Dirty Martini recipe
The Dirty Martini is a classic cocktail that adds a savory and briny dimension to the traditional Martini. It’s been a popular cocktail since the late 19th century. The term “dirty” in Dirty Martini likely originated from the fact that it appears cloudy or “dirty” due to the addition of olive brine.
My knowledge of the Dirty Martini drink didn’t come from some fancy mixology course or an upscale cocktail bar experience. No, it all started with a random episode of a TV show I binge-watched one weekend. The main character, a detective with a rugged charm, had a thing for Dirty Martinis. It seemed like the perfect drink to unwind with after a tough day, and it piqued my curiosity.
I remembered watching that detective stir up a simple yet enticing concoction of gin, a splash of olive brine, and a few olives for garnish. I thought to myself, “I can do that!” So, armed with my newfound knowledge (thanks, TV!), I decided to give it a shot.
I couldn’t help but feel a bit of excitement mixed with trepidation. After all, I was no cocktail expert, but I still could manage it somehow.
Since the salty and briny flavor of this Martini type comes from the olive brine, I can adjust it to suit my taste. Some prefer a subtle brininess, while others like it extra dirty with a pronounced olive flavor. The classic garnish for a filthy Martini is green olives. These olives can be pitted or stuffed with various fillings like blue cheese, garlic, or jalapeño for added flavor. I chose the basic one.
So, there I was, lounging on my couch, with a glass of traditional Dirty Martini in hand. Here is how to make the Dirty Martini:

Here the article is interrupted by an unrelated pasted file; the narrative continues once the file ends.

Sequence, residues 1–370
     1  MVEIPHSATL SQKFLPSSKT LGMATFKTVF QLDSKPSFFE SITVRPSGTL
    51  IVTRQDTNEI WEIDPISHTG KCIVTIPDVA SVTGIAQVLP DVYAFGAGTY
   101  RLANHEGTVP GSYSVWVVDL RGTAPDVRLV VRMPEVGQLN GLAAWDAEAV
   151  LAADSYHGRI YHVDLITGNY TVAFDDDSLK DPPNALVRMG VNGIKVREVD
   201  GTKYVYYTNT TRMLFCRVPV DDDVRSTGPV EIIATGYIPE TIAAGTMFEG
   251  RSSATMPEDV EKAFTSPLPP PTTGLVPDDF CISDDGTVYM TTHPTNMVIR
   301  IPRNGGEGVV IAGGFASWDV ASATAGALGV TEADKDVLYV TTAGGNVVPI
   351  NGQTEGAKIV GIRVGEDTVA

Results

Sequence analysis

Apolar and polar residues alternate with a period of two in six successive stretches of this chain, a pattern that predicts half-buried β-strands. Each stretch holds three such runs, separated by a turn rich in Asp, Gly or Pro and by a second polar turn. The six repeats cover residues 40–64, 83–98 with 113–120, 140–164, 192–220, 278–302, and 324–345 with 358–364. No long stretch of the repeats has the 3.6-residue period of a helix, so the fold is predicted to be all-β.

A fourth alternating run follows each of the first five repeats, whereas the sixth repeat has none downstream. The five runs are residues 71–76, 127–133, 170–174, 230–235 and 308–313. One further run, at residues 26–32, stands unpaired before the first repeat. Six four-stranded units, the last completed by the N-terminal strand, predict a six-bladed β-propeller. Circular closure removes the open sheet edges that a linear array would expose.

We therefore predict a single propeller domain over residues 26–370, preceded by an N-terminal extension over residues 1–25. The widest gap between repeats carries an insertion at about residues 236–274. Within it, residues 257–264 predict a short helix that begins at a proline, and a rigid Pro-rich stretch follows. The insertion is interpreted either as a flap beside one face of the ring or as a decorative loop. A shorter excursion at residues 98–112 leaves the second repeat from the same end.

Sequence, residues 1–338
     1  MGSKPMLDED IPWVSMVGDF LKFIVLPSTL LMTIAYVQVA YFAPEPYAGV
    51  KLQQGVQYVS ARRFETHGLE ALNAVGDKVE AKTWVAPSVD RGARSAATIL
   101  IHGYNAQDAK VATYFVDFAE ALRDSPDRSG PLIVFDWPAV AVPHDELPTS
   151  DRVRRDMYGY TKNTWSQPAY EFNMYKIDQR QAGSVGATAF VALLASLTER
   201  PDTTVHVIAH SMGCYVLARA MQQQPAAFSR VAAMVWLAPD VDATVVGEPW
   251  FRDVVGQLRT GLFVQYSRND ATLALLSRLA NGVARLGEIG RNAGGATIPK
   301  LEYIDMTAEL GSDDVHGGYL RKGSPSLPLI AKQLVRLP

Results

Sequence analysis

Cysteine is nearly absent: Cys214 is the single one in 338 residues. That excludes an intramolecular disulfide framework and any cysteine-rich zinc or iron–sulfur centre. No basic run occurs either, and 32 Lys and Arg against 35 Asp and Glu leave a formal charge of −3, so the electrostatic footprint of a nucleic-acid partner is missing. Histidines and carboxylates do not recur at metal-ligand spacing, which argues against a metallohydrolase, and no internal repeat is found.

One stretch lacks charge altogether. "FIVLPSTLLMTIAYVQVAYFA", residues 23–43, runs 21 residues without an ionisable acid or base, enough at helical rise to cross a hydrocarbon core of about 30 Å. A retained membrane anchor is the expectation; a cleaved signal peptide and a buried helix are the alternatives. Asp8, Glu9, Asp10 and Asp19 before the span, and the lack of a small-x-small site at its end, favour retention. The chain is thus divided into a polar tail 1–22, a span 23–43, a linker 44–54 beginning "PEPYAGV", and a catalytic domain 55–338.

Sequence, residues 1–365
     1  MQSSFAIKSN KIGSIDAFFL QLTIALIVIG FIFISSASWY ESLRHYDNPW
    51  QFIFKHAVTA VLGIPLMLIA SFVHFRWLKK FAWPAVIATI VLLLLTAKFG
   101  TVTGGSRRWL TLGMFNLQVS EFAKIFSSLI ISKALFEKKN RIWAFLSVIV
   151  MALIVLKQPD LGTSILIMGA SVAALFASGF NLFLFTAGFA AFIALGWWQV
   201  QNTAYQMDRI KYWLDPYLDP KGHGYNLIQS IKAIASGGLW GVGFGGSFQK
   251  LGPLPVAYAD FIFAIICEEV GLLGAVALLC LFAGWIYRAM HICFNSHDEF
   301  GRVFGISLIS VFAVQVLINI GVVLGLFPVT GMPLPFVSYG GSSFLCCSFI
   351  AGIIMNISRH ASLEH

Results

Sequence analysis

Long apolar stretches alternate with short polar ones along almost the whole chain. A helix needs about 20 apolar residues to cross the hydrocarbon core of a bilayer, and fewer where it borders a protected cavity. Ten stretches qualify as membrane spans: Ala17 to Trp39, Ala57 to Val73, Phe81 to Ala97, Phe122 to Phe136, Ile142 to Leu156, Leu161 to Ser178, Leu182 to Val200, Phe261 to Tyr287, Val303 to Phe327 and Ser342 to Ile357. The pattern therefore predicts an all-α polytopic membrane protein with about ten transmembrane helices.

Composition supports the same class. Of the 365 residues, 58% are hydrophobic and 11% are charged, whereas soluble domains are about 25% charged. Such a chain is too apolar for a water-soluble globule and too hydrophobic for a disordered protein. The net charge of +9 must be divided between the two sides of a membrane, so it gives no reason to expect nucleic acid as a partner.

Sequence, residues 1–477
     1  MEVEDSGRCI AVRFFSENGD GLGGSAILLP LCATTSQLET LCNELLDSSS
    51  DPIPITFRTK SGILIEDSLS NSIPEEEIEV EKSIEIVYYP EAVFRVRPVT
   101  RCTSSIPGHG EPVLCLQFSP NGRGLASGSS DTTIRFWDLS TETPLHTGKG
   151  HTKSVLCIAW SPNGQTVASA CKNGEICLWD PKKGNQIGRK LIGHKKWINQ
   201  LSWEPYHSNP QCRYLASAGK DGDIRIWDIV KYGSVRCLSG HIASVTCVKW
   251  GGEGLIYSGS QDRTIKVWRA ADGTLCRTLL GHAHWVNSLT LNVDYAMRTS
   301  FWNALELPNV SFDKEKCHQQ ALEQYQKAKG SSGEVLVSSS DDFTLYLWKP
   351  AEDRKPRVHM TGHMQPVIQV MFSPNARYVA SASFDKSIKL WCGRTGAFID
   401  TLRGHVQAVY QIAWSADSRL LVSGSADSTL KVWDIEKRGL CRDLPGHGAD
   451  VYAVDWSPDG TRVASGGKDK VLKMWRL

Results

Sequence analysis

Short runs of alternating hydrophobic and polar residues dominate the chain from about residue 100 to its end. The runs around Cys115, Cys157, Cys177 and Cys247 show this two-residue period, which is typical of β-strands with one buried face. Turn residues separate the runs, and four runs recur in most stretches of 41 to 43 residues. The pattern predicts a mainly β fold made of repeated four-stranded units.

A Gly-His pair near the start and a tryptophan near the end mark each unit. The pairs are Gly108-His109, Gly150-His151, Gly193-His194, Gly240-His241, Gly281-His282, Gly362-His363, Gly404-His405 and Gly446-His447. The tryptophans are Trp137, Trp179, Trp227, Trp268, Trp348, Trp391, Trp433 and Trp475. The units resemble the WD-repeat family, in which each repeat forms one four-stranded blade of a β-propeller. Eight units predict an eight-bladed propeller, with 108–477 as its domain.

- 2 ½ oz gin or vodka e.g. Grey Goose, Tito’s, Tanqueray
- 1/2 oz dry vermouth e.g Carpano Bianco
- 1/2 oz olive brine (for that 'dirty' flavor)
- Ice cubes
- 2-3 large green olives for garnish
- Fill a mixing glass or cocktail shaker with ice cubes.
- Pour in 2 ½ ounces (75ml) of your preferred gin or vodka.
- Add 1/2 ounce (15ml) of dry vermouth.
- To give your Martini that distinct 'dirty' flavor, add 1/2 ounce (15ml) of olive brine. Adjust the amount to your taste preference.
- Stir the mixture well using a cocktail spoon or a long-handled stirring stick until it’s thoroughly chilled, usually about 30 seconds.
- Strain the Martini into a chilled martini glass, using a strainer to catch any ice shards.
- Garnish your Dirty Martini with 2-3 large green olives. You can skewer them on a cocktail pick or drop them directly into the drink.
dirty martini variations
The classic Dirty Martini is a beloved cocktail known for its briny and savory flavors. However, you can adjust this original recipe to various exciting variations. Here are some delightful twists you can explore:
– Dirty Martini with Flavored Vodka: Experiment with flavored vodkas, such as cucumber, dill, or pepper-infused varieties, to add a unique dimension to your Martini. These options can introduce fresh and intriguing herbal or spicy notes.
– Dirty Tequila Martini: Swap out gin or vodka with tequila for an unexpected twist. The agave notes of tequila combine with the olive brine for a Southwestern flair.
– Hot and Dirty Martini: Spice up your Martini by adding a few dashes of hot sauce or a slice of jalapeño to the mix. This spicy variation adds a delightful kick to the cocktail.
– With herbs: Muddle fresh herbs like basil, rosemary, or thyme in the cocktail shaker before adding the other ingredients. This imparts a fragrant herbal essence that complements the briny olives.
– With Vermouth Variations: You can experiment Dirty Martini cocktail with different vermouths, like sweet vermouth or bianco vermouth, to create unique flavor profiles like wet or dry version.
– Dirty Gibson Martini: Swap olives for cocktail onions to make a Gibson Martini with a briny twist. It’s a sophisticated and slightly sweeter alternative to the traditional one.
– Dirty Bacon Martini: For a bold flavor, infuse your vodka or gin with bacon. You can do this by steeping bacon in the liquor for a few hours or using bacon-flavored vodka. Top it off with a crispy bacon strip as garnish.